Michigan’s Independent Citizens Redistricting Commission (MICRC) new ‘Chestnut’ Congressional map created a competitive district in southern Macomb County and portions of eastern Oakland County based around the communities of Center Line, Clinton Township, Eastpointe, Fraser, Harrison Township, Macomb Township, Mt. Clemens, Rochester, Rochester Hills, Shelby Township, St. Clair Shores, and Warren.
The new 10th district is home to an array of candidates that declined to participate in either party’s primary, including Steve Bieda (D), Mike Bishop (R), Jim Fouts (D), Candice Miller (R), Fred Miller (D), Rocky Raczkowski (R), and Michael Taylor (D). The district was also home to sitting incumbent Haley Stevens (D), until she decided to run in Michigan’s new 11th district (southeastern Oakland County) against fellow Democrat Andy Levin.
But this competitive district that has a MICRC partisan score of Democrat +2.4% that voted for President Donald Trump in 2016 (R+5.4%) and in 2020 (R+1%), offers something unique to Michigan’s Congressional delegation.
In the Republican field, Tony Marcinkewciz will go head-to-head with two time Republican candidate for U.S. Senate, John James. Eric Esshaki who ran against Congresswoman Haley Stevens in 2020 withdrew from the race. It is extremely likely that John James wins the GOP primary and most polls have James even or in a very competitive race with Democratic candidates Huwaida Arraf, Carl Marlinga, Rhonda Powell, Angela Rogensues, and Henry Yanez.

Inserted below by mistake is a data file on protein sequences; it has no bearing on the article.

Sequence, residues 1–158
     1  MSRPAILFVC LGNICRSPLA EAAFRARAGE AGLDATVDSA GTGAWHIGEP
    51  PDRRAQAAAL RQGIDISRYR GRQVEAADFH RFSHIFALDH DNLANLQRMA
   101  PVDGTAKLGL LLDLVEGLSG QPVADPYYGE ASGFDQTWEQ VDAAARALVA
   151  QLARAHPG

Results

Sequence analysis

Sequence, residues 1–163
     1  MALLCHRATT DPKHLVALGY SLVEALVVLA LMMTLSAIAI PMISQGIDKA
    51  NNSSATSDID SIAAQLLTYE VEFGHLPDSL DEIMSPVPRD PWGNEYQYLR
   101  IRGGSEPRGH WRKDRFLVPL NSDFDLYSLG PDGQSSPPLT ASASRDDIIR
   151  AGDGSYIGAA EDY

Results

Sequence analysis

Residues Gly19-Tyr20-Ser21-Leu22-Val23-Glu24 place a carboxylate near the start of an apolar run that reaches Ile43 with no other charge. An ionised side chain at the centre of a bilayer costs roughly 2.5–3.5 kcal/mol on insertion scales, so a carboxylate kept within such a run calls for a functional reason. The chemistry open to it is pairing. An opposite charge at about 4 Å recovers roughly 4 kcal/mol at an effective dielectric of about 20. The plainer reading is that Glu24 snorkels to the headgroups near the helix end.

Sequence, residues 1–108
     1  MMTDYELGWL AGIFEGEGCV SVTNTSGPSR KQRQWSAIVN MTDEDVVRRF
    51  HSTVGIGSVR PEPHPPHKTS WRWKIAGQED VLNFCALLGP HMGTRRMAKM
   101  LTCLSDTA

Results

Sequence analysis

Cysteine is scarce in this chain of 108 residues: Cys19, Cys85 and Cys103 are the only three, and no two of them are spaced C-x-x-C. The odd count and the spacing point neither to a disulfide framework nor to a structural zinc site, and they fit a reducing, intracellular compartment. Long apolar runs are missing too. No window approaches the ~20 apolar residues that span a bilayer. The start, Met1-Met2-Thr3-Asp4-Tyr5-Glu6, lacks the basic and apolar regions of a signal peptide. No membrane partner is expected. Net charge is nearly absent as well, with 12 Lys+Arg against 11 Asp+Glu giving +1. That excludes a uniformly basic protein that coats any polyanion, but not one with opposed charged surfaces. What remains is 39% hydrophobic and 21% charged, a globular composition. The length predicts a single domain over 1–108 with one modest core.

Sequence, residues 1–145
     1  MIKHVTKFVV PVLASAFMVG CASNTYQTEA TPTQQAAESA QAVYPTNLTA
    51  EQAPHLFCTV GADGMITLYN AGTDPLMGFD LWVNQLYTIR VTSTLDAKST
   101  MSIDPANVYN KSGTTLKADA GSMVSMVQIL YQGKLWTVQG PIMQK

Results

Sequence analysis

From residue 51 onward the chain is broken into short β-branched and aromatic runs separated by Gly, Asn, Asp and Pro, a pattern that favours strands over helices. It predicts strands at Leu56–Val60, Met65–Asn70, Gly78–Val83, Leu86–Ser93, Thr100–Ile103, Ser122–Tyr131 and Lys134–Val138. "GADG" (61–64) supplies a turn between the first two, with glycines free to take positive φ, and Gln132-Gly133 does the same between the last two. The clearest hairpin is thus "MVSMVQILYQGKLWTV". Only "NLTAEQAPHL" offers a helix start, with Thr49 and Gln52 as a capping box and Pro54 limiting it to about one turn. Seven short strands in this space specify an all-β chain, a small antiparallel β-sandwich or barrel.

Although James lost to both Senator Debbie Stabenow in 2018 (D+6.5%) and Senator Gary Peters in 2020, James proved that he can in some cases outperform GOP candidates at the top of the ticket as he managed to flip several counties, including Kent County where Biden defeated Trump (D+2.78% statewide), and made his race with Peters (D+1.7% statewide) much closer than the presidential race.
If Michigan’s new 10th Congressional District elects John James as their new Congressional representative and pending the results of the Democratic primaries in Michigan’s new 12th (southern Oakland County and portions of Detroit) and 13th (northeastern Wayne County and portions of Detroit) Congressional Districts, it is possible that James will be the lone black member of Congress from Michigan. Michigan’s current lone black member of Congress, Representative Brenda Lawrence announced in January 2022 she would not seek reelection.
African Americans account for 13.79% of the population of the state of Michigan. Proportionally, that would equate to two allocated seats of the thirteen apportioned districts in Michigan.
All eyes will be on Macomb County this fall for a number of races in the state legislature, but as Democrats look to defend their majority in the U.S. House of Representatives, Michigan’s new 10th Congressional can not only determine some identity politics for the state, but also swing who has a majority in the Michigan delegation and on the floor of Congress.